Thursday, December 8

Shot to fame within frame

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At the age of four, he took his father’s DSLR to take a few snaps in Santiniketan. That’s how it all began for the 19-year-old Pubarun Basu, who recently became the Youth Photographer of the Year at Sony World Photography Awards.

The competition, organised by the World Photography Organisation, was meant for the age group of 12 to 19 years.

A South Point High School alumnus, Pubarun won the award for his image No Escape from Reality, clicked inside his bedroom during the lockdown. 

In the photo, the shadows of railings projected onto curtains create an illusion of cage bars from behind which a pair of hands are seen as if trying to break through. The illusion of shadows and the gesture of hands convey a sense of entrapment shared by so many in the past year.

“It’s an honour to be adjudged the Youth Photographer of the Year. In the contest, I could see some extraordinary snapshots taken by my fellow competitors from around the world,” said Pubarun, who is pursuing English honours at The Bhawanipur Education Society College.The World Photography Organisation, based in London, has been holding the contest for the last 14 years. There are four categories — Professional, Open, Student and Youth. In the Youth one, the budding shutterbugs can submit one photograph every month from July to December, and the organisation announces a winner at the end of every month. Then all the six winners vie for the Youth Photographer of the Year award that is announced in April the following year. This time, all the four categories received more than three lakh photographs.

Pubarun was never formally trained in photography. His father Pranab Basu is both his teacher and inspiration. “I’m privileged to have a brilliant photographer in my family — my father. He never taught me formally but gave advice regarding exposure, framing, manual settings and so on,” he said.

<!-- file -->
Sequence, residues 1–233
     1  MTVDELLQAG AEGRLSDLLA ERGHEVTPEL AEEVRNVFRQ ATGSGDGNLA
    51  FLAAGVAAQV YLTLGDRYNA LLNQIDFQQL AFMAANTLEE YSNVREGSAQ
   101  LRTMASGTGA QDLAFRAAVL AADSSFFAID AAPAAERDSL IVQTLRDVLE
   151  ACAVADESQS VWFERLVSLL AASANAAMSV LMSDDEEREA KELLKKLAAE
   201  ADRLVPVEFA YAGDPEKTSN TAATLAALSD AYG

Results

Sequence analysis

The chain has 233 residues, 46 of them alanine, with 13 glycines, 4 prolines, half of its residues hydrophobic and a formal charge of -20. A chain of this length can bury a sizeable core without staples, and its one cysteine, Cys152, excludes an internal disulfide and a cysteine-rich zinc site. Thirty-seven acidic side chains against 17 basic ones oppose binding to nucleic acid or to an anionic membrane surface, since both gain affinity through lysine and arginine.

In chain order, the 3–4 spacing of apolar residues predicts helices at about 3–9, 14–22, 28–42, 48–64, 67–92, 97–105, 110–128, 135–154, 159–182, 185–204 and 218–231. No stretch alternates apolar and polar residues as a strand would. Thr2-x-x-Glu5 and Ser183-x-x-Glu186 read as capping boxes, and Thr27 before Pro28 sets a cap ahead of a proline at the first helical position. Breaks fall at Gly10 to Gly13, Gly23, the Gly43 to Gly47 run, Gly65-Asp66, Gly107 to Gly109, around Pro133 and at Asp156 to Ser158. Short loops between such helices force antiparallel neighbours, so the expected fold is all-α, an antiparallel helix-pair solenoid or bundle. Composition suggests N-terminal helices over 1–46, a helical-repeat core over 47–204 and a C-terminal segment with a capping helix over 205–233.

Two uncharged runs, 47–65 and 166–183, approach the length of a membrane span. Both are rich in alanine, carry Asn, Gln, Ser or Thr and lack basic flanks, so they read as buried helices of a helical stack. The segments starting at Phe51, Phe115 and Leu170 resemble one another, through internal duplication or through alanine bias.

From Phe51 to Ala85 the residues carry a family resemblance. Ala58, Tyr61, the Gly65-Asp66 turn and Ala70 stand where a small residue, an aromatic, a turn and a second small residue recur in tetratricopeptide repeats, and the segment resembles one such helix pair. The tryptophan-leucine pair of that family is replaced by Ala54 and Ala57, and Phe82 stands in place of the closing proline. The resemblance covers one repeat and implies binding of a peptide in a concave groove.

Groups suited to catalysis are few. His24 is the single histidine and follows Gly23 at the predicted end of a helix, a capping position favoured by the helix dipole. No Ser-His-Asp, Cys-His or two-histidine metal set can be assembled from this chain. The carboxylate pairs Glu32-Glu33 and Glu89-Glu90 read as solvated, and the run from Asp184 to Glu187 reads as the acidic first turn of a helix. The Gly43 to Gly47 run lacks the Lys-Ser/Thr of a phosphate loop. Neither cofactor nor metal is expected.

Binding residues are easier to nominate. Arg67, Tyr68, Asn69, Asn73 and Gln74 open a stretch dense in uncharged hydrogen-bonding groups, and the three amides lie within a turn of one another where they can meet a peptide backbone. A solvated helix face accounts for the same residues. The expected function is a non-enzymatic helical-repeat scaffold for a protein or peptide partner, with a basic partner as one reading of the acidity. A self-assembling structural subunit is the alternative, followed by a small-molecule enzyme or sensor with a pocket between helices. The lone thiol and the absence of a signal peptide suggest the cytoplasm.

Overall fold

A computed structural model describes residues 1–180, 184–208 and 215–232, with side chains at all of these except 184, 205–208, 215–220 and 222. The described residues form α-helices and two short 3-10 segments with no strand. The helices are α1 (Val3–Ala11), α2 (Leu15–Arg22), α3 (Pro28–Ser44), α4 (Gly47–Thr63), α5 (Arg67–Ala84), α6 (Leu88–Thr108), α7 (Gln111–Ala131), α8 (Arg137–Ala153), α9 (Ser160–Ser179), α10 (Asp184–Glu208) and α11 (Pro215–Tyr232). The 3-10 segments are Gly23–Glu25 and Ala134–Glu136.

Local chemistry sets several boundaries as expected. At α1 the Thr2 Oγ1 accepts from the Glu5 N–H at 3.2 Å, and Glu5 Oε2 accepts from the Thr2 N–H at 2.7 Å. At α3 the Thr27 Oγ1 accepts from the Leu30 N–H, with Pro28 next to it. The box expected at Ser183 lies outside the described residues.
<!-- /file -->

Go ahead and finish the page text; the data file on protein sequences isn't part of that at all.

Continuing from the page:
Incidentally, Basu is a professional photographer. He feels: “It is quite difficult to gain appreciation out of a conceptual body of work. Hence, it fills me with pleasure to see Pubarun’s creativity receiving so much love from all over the world.”

As a tiny tot, Pubarun had once clicked a few photos of kalabou snan, a Durga Puja ritual, at Bagbazar Ghat near his residence. On seeing those, Pranab bought him a point-and-shoot camera. Initially, Pubarun used to take birds’ photos with it.

In school, too, Pubarun used to cover all the events. While studying in Class IX, he got access to his father’s high-end cameras. 

Later, he started clicking photos while taking an evening stroll. “There are plenty of subjects to capture — setting sun on the Hooghly river, tramlines, rail tracks, north Calcutta lanes — all fascinating moments,” said Pubarun, who wants to do masters in fine arts abroad.

At 15, Pubarun got an entry into an online National Geographic community. Though it doesn’t allow 

anyone below 18 as a member, his case was exceptional. His 13 photographs were selected as Editor’s Favourite in the community in a single year. “It was my first achievement. I was overwhelmed to see my photographs getting selected by a community so esteemed,” he said.

A couple of Pubarun’s photographs were also published in the Daily Dozen, an online forum of National Geographic, in 2018. The BBC also published his photograph online as Reader’s Picture of the Year 2018.

Source: Telegraph

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